In This Week’s Update:
- President Biden’s FY 2022 Funding Request
- New Marketplace Enrollment
- CDC Racism and Health Website
- COVID-19 State Updates: FL, MN, VA, WI
- Other State Updates: CA, CO, IL, MA, NM, OH, VA, WA
- The No Surprises Act and State Balance Billing Protections
- Federal Relief Funding for Kids During and Beyond COVID-19
- Moving to Value-based Care post-COVID-19
President Biden’s FY 2022 Funding Request
Last week the Office of Management and Budget submitted President Biden’s budget request for Fiscal Year 2022 to Congress. The request lays out the president’s discretionary funding proposals across a wide range of policy areas, including health-related funding to help end the opioid crisis, new funding for public health infrastructure in states and territories, and additional funding for the Centers for Disease Control and Prevention (CDC) to improve readiness for future public health crises.
New Marketplace Enrollment
U.S. Department of Health and Human Services (HHS) Secretary Xavier Becerra announced last week that more than half a million consumers have already signed up for health insurance through HealthCare.gov as a result of the federal special enrollment period (SEP) for the COVID-19 Public Health Emergency between Feb. 15 and March 31. A report from the Centers for Medicare and Medicaid Services (CMS) also shows gains in enrollment among communities that historically have high uninsured rates, including Black individuals and those near the poverty level.
CDC Racism and Health Website
Last week, CDC Director Rochelle Walensky declared racism a serious public health threat. She highlighted several new efforts the CDC is leading to accelerate its work to address racism as a fundamental driver of racial and ethnic health inequities in the United States. She also unveiled a new website, “Racism and Health,” that will serve as a hub for the agency’s efforts and a catalyst for greater education and dialogue around these critical issues.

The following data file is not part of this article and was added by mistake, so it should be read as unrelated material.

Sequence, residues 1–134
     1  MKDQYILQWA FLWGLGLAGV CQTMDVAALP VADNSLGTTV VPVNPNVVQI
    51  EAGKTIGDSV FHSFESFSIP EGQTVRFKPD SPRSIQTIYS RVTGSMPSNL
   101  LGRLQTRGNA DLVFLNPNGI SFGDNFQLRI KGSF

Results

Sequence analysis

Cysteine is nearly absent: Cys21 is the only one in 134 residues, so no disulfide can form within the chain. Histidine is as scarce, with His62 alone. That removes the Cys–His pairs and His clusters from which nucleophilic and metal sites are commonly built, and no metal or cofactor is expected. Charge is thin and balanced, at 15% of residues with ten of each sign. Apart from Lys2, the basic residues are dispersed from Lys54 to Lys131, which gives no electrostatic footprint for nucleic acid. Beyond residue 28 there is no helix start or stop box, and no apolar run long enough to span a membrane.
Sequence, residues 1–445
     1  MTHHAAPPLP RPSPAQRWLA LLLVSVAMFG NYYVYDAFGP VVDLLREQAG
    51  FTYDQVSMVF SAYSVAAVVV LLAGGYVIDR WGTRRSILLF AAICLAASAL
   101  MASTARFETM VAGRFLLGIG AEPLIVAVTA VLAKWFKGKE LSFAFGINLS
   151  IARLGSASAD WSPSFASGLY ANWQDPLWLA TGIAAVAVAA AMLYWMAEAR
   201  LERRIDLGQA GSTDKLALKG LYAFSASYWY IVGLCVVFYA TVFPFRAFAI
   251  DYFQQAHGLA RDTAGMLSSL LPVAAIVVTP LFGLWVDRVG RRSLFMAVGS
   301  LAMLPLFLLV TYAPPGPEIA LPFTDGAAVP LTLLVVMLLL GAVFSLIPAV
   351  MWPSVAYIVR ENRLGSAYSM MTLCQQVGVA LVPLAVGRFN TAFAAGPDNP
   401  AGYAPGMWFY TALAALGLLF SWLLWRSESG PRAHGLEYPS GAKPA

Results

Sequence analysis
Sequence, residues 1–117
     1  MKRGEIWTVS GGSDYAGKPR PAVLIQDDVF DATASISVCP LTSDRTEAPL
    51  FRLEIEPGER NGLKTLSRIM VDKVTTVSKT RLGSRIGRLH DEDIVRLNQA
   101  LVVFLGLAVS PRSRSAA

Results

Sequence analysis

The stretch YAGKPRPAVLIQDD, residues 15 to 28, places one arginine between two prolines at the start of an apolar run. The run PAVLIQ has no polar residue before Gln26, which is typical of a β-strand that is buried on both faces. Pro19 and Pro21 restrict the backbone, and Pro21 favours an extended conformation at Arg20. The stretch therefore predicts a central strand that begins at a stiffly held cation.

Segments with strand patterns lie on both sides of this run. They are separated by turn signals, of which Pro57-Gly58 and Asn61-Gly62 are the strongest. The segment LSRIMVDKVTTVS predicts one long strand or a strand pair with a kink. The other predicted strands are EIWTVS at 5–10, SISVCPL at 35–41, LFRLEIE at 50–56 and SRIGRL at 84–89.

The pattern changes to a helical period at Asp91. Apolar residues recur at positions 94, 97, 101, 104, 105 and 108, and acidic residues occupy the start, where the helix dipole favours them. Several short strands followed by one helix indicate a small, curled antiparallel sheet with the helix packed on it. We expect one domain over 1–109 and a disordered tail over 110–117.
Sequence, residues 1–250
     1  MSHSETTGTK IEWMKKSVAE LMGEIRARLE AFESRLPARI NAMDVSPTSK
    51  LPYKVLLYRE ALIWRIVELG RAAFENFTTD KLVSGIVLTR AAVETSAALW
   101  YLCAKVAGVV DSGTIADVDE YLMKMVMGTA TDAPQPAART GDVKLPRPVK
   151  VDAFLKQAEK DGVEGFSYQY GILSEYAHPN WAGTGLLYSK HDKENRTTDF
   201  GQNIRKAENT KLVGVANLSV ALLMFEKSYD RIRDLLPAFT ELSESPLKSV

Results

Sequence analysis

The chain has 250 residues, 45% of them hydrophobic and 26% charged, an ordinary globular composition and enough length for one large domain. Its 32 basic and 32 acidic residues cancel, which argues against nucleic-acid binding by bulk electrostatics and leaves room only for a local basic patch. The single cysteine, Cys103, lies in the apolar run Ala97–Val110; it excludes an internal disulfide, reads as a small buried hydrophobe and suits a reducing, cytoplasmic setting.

COVID-19 State Updates: FL, MN, VA, WI
- Florida – The Agency for Healthcare Administration announced updated vaccine administration rates for Medicaid. COVID-19 vaccines administered with a date of service on or after March 15, 2021, must be paid at the rates updated by CMS effective March 15, 2021. All guidance is applicable to both the fee-for-service and statewide Medicaid managed care delivery systems unless otherwise stated.
- Minnesota – The Department of Human Services published a bulletin explaining the treatment of coronavirus response payments under the American Rescue Plan for Minnesota health care programs. The bulletin describes how the additional Federal Pandemic Unemployment Compensation and recovery rebate payments are treated for purposes of determining eligibility for Medical Assistance and MinnesotaCare applicants and enrollees.
- Virginia – Gov. Ralph Northam announced several efforts aimed at increasing Virginia’s vaccinator workforce. Health care providers who are now authorized to administer the COVID-19 vaccine include dentists, dental hygienists, veterinarians, optometrists, and health professions students enrolled in an accredited Virginia program. Eligible health care providers may register to volunteer as a COVID-19 vaccinator through either the Virginia Medical Reserve Corps or the newly established Virginia Volunteer Vaccinator Registry.